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Monday, June 20, 2011
WITCH HAZEL-NATIVE TO NORTH AMERICA,HEALTH BENEFITS AND USES
The Witch Hazel tree has a curious history surrounding its name. When the first colonists arrived in America, they found this tree growing. The Native Americans used it for reducing swellings, making poultices form the leaves, twigs and bark of this tree. It looks a little like the Hazel tree (Coryllus avellana) and in Britain there is the wych elm so it would seem that the early colonists combined the names but modern spelling has called he tree the witch rather than wych hazel. Presumably it is called virginiana after the colony of Virginia which was named after Queen Elizabeth I who was known as the Virgin Queen as she never married. Hamamelis is a combination of the word hamam meaning bath or more specifically the Turkish bath and meli which is Greek for apple and honey. There are many kinds of Witch Hazel trees one of which is Hamamelis mollis which has its origins in China and seems not to have the same medicinal properties of the American variety. This one was introduced into the UK from China in the 1880s and is used for ornamental purposes only.
Hamamelis virginiana can grow in the UK but does not produce seeds, but this tree gets its name Snapping Hazel, it is thought because when they seeds ripen the pod ejects them rather violently and a definite noise can be heard. It is also called Winterbloom as its leaves fall in autumn and the flowers then appear. These can be yellow-gold, or red or orange, and the nuts appear after the flowers have died. The trees usually only grow to heights of between 10 and 12 feet, and have several slender trunks coming from one root system.
The leaves and bark of this Witch Hazel have astringent qualities due to the tannins they contain and they have been used as a sedative and tonic. Today the extracts prepared from the leaves, twigs and bark of the tree are used in preparations to reduce the pain of piles and to dispel them, and Witch Hazel has been approved for such use by the German Commission E a which has also approved the tisane from the leaves for gargling to reduce the inflammation associated with a sore throat. It is also taken to help skin problems along with cream containing witch hazel extracts.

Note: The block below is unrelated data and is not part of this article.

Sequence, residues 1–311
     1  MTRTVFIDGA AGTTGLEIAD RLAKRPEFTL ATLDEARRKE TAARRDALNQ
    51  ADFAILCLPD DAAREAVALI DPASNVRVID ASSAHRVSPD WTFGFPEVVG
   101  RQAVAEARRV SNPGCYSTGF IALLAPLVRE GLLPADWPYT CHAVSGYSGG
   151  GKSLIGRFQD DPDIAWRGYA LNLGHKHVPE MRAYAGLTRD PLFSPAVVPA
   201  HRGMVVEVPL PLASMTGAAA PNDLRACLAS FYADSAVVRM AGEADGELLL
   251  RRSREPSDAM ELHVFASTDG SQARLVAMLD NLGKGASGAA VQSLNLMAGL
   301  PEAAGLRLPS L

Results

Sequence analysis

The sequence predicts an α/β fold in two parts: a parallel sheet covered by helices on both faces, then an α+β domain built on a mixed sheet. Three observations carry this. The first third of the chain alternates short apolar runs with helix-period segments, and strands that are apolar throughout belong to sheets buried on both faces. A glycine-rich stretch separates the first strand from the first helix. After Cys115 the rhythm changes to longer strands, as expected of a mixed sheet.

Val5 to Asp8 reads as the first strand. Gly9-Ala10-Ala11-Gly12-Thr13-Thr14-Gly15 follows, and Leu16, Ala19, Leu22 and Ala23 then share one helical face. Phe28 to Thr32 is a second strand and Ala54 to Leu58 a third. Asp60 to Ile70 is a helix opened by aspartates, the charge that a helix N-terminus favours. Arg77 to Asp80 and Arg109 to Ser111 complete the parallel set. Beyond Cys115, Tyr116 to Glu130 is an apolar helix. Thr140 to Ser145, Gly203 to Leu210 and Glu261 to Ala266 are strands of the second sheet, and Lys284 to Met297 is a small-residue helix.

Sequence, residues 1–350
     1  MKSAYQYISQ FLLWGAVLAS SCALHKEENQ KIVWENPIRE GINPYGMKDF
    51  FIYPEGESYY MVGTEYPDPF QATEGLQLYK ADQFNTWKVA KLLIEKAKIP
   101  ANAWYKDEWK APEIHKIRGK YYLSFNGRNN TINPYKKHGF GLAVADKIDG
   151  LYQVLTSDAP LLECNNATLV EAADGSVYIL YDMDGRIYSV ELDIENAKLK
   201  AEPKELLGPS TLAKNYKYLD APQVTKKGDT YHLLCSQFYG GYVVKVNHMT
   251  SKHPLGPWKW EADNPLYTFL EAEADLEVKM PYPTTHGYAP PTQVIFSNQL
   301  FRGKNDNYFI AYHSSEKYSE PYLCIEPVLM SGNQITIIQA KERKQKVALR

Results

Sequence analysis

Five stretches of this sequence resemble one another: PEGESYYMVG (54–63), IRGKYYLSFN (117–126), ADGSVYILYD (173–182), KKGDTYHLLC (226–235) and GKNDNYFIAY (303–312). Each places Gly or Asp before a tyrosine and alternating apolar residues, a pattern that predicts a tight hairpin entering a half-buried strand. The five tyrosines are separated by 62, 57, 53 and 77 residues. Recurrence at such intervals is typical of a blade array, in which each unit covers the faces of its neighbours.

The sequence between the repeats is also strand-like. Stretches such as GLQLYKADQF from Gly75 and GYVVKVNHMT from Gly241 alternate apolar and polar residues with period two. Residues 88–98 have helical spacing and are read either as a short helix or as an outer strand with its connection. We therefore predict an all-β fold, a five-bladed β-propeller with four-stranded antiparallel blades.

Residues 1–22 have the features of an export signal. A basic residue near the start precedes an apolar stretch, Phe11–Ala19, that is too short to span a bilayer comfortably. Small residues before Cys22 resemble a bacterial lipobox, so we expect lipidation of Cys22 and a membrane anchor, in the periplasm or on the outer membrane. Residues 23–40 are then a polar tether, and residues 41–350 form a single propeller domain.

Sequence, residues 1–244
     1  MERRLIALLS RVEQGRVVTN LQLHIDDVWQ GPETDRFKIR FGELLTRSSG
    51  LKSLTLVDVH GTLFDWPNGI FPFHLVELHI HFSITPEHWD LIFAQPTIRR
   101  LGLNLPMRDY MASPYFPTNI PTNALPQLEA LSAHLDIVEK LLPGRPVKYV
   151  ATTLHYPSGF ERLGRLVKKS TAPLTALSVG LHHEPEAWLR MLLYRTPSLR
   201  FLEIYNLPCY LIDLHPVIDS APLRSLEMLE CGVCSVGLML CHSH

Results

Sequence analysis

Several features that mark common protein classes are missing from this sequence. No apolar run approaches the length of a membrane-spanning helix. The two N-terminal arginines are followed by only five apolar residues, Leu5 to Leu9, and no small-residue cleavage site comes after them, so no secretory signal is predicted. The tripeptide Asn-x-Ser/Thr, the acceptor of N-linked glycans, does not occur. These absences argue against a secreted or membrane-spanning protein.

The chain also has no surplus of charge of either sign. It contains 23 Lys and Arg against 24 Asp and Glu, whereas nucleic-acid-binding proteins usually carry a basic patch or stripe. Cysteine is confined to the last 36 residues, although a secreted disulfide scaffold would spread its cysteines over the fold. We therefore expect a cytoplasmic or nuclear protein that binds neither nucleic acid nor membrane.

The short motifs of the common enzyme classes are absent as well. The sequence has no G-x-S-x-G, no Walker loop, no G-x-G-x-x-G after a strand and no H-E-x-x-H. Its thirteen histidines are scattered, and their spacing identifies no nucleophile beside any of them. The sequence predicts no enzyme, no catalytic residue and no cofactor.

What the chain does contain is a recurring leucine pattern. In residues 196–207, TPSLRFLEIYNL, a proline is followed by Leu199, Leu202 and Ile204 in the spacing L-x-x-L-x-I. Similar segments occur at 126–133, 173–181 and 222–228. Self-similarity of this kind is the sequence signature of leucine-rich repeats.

In the past Witch Hazel’s parts have been used to stop internal bleeding and haemorrhage. A decoction was used for excessive bleeding during periods and in the event of back-street abortions it was given to prevent bleeding and as a general tonic.
A tisane of the bark or leaves or a combination of both was used for stomach problems and applied externally to varicose veins.
The extract available over the counter is good for insect bites, and inflammation of the eyelids as well as for piles.
The leaves contain tannins as does the bark, and flavonoids including kaempferol and quercetin. The leaves also contain caffeic and gallic acids which are both phenolic acids. The tree has been used for centuries for the same ailments, and it seems that the extracts from it work without ill effects except perhaps for slight irritation and a burning sensation when the cream or lotion is applied to weeping piles.